Another Strong Female Leads Divergent


Surprise! It’s time for another young adult book series to be turned into a movie.

Fans of The Hunger Games called the Katniss-infused series the next Harry Potter, and fans of Divergent (the newest young adult book-turned-film) call Divergent the next Hunger Games. How far can this new trail of hit, young adult series continue?

The Harry Potter series was phenomenal, grossing $8 billion worldwide. The Hunger Games series has done excellent for a movie series, but only well in comparison to Harry Potter: making a cool $1.5 billion worldwide on the first two films, with two more to go. Unfortunately for Divergent, a movie that will sadly always be compared to its predecessors, it can only be predicted to do alright when compared to Hunger Games and mediocre when compared to Harry Potter.

Divergent introduces a new dystopian society that forces young adults to take an aptitude test and later choose (either agreeing with their scores or not) which faction they should belong in for the rest of their lives. People in this world only get to be one thing: selfless (Abnegation), intelligent (Erudite), brave (Dauntless), peaceful (Amity), or honest (Candor).

If you do not fit into one of these categories or if you leave your faction, you are “factionless”—essentially homeless and jobless with no chance of ever escaping that situation.

Divergent follows the story of Tris (Shailene Woodley), a teenage girl raised in Abnegation. When she takes her aptitude test, she is told she belongs in three categories: she is selfless, intelligent, and brave. The computer is unable to categorize her making her unique, and, in this case, divergent.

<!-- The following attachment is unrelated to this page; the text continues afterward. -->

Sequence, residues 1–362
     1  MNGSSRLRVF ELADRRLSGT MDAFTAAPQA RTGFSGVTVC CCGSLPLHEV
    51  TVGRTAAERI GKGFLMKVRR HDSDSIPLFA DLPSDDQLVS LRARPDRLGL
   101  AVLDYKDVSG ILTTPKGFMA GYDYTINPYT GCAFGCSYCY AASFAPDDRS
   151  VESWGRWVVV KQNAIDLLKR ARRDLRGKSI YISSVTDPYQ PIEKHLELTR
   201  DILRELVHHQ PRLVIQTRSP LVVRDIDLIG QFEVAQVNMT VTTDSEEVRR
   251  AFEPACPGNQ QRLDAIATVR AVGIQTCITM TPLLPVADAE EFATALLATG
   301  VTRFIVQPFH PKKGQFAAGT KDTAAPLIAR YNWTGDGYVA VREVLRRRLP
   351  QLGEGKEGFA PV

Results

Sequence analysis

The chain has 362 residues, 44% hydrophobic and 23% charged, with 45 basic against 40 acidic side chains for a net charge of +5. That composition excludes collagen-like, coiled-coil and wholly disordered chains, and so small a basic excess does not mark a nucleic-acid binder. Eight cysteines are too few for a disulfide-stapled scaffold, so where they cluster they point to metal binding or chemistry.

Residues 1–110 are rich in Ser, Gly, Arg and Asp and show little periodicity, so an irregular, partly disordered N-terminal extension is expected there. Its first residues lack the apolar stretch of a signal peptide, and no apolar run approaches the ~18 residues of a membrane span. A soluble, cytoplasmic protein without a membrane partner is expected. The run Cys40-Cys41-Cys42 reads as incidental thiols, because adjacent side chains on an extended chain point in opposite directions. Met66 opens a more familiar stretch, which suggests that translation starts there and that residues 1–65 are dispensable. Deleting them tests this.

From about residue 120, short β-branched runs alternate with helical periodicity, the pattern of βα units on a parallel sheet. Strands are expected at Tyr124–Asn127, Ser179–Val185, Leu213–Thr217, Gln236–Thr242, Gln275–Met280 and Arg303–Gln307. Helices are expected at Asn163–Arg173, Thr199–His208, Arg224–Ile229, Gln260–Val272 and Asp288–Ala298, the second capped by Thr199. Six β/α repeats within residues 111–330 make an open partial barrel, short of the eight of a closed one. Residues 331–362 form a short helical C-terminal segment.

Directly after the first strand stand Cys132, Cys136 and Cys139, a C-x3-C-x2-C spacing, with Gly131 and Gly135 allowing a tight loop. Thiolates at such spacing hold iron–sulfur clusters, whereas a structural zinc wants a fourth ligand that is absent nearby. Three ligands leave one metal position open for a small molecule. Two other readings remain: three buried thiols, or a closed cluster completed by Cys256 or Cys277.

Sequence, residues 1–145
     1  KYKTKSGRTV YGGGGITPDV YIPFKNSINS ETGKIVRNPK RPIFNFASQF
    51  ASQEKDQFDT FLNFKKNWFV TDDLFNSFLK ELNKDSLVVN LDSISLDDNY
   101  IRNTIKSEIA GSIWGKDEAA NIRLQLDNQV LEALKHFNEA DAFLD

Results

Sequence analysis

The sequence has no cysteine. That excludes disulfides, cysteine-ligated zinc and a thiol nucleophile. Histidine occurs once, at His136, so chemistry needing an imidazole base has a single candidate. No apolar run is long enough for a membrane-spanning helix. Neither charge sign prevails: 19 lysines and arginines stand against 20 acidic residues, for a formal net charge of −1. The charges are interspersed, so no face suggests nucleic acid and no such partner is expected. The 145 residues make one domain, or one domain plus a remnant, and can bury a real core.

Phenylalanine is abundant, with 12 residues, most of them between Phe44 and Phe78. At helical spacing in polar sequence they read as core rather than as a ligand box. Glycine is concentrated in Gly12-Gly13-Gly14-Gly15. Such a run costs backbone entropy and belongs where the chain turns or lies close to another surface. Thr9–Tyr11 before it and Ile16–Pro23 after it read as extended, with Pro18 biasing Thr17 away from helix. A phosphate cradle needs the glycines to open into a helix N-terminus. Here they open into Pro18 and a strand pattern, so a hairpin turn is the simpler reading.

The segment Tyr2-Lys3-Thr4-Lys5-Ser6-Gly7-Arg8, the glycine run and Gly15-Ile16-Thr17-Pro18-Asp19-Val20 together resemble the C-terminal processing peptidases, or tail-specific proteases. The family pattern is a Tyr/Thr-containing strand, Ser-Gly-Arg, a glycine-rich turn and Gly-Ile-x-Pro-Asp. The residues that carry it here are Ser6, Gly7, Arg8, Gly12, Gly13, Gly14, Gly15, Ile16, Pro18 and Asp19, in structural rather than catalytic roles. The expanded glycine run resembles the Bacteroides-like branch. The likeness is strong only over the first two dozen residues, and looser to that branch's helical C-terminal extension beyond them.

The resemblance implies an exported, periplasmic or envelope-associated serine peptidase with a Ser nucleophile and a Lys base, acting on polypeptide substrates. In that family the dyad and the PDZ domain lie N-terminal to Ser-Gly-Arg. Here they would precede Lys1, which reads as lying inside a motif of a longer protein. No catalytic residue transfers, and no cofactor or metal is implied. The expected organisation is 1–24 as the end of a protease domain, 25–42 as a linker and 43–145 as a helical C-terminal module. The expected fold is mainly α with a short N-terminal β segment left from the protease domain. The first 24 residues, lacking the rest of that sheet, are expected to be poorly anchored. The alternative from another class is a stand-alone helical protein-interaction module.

Another story about another very special teenager manages to stay refreshing because Tris is never sure of herself. Unlike Katniss in The Hunger Games or Hermione in Harry Potter, Tris shows fear. She seems to be aware that she is in over her head, and she tries at various moments to back out of her choices, practically begging to be allowed to go back to her old, safe life.

As an audience, we get to watch Tris grow. We get to watch her get knocked out during both of her on-screen, boxing-match practice fights against larger opponents—something Katniss would never have allowed to happen. We cheer her on from the bottom of the pack, watching as she barely manages to scrape through the physical tests she is put through.

Tris’s normality is not the only refreshing part of this film; although romance is present in the film, it seems to take a back-burner to the dystopian plot. Much to the disappointment of anyone who likes looking at the male body, Theo James, (who plays Four, Tris’ love interest) only appears shirtless a few times in the film. While there was definite chemistry between James and Woodley, it was incorporated in small doses, allowing the film to be more than another young adult romance movie—and, God-forbid, another young adult love triangle.

I want to be honest: if you are not a fan of young adult films or if you have not read (and liked) the book Divergent, you will probably not like this film. Unfortunately, it does fit yet another trope, making the movie feel packed with clichés just because so many movies just like it—successes and failures—have come before it in the last few years.

But, if you like hunky guys, powerful female characters who are revered for being special, a constant stream of fight scenes, a bit of shirtless snogging, and an overarching plot that is probably very confusing for anyone unfamiliar with the book, then give Divergent a try.

Photo by Lionsgate

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